To file for bankruptcy you must complete the right forms and file them in Bankruptcy Court. The forms you need include a “petition” and "schedules" that give information about your finances.
The Bankruptcy Court charges filing fees:
- $335 for Chapter 7 bankruptcy. You can ask to waive the fee if your income is lower than 150% of the federal poverty guidelines and you cannot afford the fee or you can ask to pay it in 4 smaller payments called installments.
- $310 for Chapter 13 bankruptcy. You can ask to pay this in 4 smaller payments called installments.
Can I file for bankruptcy?
To file for bankruptcy you must:
- Live in the United States; and
- Take a course with an approved non-profit budget and credit counseling agency, no more than 180-days before filing (unless an exemption applies).
You cannot file for bankruptcy if:
- You are in the middle of a bankruptcy case now; or
- Your bankruptcy case ended in the last 180-days because:
- you did not follow a judge’s order on purpose, or
- did not appear before the court when you were suppose to go and did not do the required steps in the case (failure to prosecute the case), or
- you asked that the old case be dismissed after a motion for relief from the automatic stay was filed.
But if your bankruptcy case ended more than 180 days ago, and you live in the U.S., and took the course, you can file.
You can file as an individual or jointly with your spouse, but your spouse must meet the same conditions you have to meet.
What happens after I file the case?
Meeting of the creditors
After you file the case the Bankruptcy Court sends you a notice with a date and time for a "meeting of the creditors." Go to the meeting. All of your creditors are invited to the meeting.
You meet with a "trustee”. The trustee makes sure the information on all of forms and papers in the case are correct. The trustee asks you questions about the case. He or she may ask you about:
- your income and expenses,
- your taxes,
- your assets, and
- why you filed for bankruptcy.
The creditors can come to the meeting. They can look at the papers you filed and ask you questions. Most creditors do not come to the meeting.
Sometimes the trustee will ask for more documents like pay stubs, bank statements, and pension documents. You must give the trustee the documents he or she asks for.
Many of your assets are protected so the trustee cannot take them. These are called exempt assets. If you have non-exempt assets, the trustee may ask you to give him or her these assets. The trustee will sell the assets and give the money to your creditors. You may be able to keep some of these assets if you can give the trustee the same amount of money he would get from selling them.
After the meeting of the creditors you must take a second debt education course. You also had to take a credit counseling course before you filed for Bankruptcy. You need to file proof that you took the course with the Bankruptcy Court.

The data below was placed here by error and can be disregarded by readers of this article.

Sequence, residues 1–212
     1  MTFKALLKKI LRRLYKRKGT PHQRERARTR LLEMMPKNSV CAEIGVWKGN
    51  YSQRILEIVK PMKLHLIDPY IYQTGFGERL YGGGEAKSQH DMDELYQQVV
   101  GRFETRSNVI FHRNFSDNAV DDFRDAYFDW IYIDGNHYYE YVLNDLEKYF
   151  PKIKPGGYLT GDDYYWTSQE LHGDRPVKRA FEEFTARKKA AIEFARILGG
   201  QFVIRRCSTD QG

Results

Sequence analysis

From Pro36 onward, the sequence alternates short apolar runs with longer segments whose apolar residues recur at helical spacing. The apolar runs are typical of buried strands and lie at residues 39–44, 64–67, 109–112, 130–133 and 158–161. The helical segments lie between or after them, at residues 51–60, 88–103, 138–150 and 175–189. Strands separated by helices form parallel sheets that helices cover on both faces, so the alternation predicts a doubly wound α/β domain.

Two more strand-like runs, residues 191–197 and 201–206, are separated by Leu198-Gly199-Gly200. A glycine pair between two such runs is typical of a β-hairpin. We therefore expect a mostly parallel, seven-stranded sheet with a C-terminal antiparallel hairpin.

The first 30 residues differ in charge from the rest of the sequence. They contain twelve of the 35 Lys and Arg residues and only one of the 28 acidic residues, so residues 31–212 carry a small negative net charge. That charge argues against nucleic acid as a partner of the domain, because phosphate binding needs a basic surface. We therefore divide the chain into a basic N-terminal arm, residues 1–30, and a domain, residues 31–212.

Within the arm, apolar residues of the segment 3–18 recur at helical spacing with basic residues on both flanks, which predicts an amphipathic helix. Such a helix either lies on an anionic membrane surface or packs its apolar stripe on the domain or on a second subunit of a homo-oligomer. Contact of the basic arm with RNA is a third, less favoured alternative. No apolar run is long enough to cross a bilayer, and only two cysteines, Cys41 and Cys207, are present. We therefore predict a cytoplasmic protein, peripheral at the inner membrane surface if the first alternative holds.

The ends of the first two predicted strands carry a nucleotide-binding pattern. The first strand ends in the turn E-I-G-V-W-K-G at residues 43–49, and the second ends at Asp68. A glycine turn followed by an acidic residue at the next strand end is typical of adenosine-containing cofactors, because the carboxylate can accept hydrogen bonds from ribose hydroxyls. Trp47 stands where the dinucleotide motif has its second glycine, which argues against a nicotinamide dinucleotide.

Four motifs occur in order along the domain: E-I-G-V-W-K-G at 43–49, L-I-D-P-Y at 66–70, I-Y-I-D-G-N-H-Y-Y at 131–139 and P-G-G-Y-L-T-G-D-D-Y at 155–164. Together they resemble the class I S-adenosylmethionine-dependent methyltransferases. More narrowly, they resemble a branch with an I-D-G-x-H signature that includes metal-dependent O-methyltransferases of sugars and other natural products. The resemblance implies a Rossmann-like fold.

Can I discharge my debts?
Even if you can file for bankruptcy, sometimes you are not “eligible for a discharge.” You will still owe the debt.
You are not eligible for a discharge if you:
- got a discharge in a Chapter 7 or Chapter 11 case in the last 8 years;
- got a discharge in a Chapter 12 or Chapter 13 casein the last 6 years, except for two exceptions under the law; or
- you did not complete the second credit counselling course while the judge is deciding your case.
Even if you cannot get a discharge, you may want to file for bankruptcy because you can stop creditors from repossessing your things or foreclosing:
- usually you get an “automatic stay” that stops creditors as soon as you file, but it does not always last.
- In a chapter 13 bankruptcy, you can pay back missed payments. If keep up your payments, you can stop a foreclosure or repossession all together.
Life after Discharge
Many people worry about bankruptcy and their credit. A bankruptcy becomes part of your credit history for 10 years. You may still get credit. But it is often on very bad terms with high interest rates and annual fees.
It is illegal to discriminate against someone for filing for bankruptcy.
- The government usually may not decide not to hire you because of a prior bankruptcy.
- Housing authorities and student loan agencies cannot deny a person because of bankruptcy.
- Utility companies may not refuse you services because you declared bankruptcy.
- Private employers cannot refuse to hire you or lay you off or fire you because you declared bankruptcy.
However, companies can decide not to give you the choices they give other people who have not filed for bankruptcy.
You can rebuild your credit as soon as your bankruptcy ends. Only apply for credit when you know you can afford it. Only use it for what you can pay off in full at the end of the month.